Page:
Forget Peter Ustinov playing Blackbeard or Johnny Depp as Captain Jack Sparrow – piracy isn’t cool, it isn’t clever, and there is nothing endearing about it!
I don’t usually attempt to produce topical posts – my embroidery is a very long-term sort of occupation! – but I care about the health of the needlecrafts industry, and there is something we all need to be aware of. I’ve let my thoughts settle over the weekend, and this is my two-pennyworth.
Monique over at Inside Number Twenty has recently discovered her charts being “shared” without her permission and has done a few sums to see what the actual financial costs are to her and to the other businesses associated with hers. The results make sobering reading. No wonder designers are shutting up shop, as Jen Funk Weber reports – not merely because designs are being “shared” (read “pirated”), but because people are downloading free charts rather than paying for a designer’s work. Eventually the designers will have to do something else to earn a living, and then the range of designs available will no longer develop and grow.
A few months ago Tricia Wilson also discussed the financial and social aspects of needlecrafts in a post on The Embroiderer’s Story. There’s a great deal of subtle interplay between the buying decisions we make and the ongoing effects that spread throughout the industry.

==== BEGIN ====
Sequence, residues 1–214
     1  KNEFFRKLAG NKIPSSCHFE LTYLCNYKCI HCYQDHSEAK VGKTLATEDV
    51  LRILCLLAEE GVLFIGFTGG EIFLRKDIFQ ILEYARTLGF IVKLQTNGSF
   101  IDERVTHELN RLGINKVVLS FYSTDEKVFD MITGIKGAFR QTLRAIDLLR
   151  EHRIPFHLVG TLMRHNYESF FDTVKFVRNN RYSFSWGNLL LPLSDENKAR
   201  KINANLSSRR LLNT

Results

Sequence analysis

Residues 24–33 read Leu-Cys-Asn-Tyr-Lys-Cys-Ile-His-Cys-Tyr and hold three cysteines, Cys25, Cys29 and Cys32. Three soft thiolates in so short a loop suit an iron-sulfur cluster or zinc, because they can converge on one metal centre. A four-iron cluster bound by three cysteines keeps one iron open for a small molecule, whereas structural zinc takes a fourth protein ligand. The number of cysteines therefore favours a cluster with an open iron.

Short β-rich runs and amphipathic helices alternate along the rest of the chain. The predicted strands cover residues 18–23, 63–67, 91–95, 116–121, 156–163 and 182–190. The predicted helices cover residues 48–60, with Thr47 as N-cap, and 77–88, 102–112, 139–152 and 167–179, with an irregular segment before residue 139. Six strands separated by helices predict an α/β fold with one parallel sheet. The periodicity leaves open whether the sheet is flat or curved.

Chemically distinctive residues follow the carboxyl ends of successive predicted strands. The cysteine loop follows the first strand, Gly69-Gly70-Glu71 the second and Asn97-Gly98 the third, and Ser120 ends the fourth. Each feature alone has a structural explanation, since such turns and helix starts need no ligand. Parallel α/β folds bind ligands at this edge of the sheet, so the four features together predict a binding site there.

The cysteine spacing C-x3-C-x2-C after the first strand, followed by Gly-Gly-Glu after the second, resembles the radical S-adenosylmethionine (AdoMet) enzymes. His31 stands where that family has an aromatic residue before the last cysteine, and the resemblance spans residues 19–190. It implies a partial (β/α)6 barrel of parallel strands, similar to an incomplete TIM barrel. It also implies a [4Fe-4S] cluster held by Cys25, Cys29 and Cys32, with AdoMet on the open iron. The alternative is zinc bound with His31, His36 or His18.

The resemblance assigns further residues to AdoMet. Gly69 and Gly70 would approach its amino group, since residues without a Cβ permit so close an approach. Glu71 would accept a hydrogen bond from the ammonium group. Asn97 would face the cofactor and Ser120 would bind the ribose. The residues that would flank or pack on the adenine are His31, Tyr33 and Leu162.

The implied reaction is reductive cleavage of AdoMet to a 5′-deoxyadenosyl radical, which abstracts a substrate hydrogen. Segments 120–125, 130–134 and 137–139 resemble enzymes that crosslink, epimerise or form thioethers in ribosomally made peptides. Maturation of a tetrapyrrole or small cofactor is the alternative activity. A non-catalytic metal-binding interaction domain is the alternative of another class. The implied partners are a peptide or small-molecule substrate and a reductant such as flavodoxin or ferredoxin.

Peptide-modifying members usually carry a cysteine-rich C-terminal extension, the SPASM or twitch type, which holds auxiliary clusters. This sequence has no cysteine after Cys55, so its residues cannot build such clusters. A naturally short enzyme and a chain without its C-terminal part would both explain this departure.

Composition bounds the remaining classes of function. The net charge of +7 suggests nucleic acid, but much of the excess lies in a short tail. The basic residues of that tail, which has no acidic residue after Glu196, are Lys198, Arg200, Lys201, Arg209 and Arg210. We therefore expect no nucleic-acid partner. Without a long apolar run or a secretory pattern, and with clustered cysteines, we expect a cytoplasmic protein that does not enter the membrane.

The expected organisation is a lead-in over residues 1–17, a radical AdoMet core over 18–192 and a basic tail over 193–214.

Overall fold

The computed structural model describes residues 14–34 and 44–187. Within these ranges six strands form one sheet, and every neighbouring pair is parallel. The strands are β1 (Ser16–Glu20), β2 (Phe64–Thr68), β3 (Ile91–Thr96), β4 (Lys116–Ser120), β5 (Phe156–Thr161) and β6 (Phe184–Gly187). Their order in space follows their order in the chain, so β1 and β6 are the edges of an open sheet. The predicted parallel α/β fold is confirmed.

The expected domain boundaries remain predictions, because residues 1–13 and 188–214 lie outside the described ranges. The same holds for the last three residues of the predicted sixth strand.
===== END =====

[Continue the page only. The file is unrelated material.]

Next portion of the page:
The music industry has been complaining about piracy ever since file-sharing became possible, and has been ignored because people consider that pop stars make so much money they won’t miss the few pounds from file-sharers. Maybe, maybe not. I don’t know about margins in the entertainment industry, so I can’t comment on that.
Copyright and intellectual property law was originally devised to support and encourage artists – in all media – so that society as a whole can benefit from their work, while they receive just recompense for their efforts.
As for needlecrafts – most of the businesses are so small that “industry” conjures up entirely the wrong image. The margins are small, and loss of even a small portion of revenue may make a difference between a viable business and a designer giving up and getting a non-creative job to pay the bills.
As Yvette has already commented, sharing a copyrighted design is theft. There are a whole range of people who suffer as a result, including ordinary people who enjoy stitching and would never dream of using a pirated chart.
We were all told at kindergarten that theft is wrong. How come people have forgotten?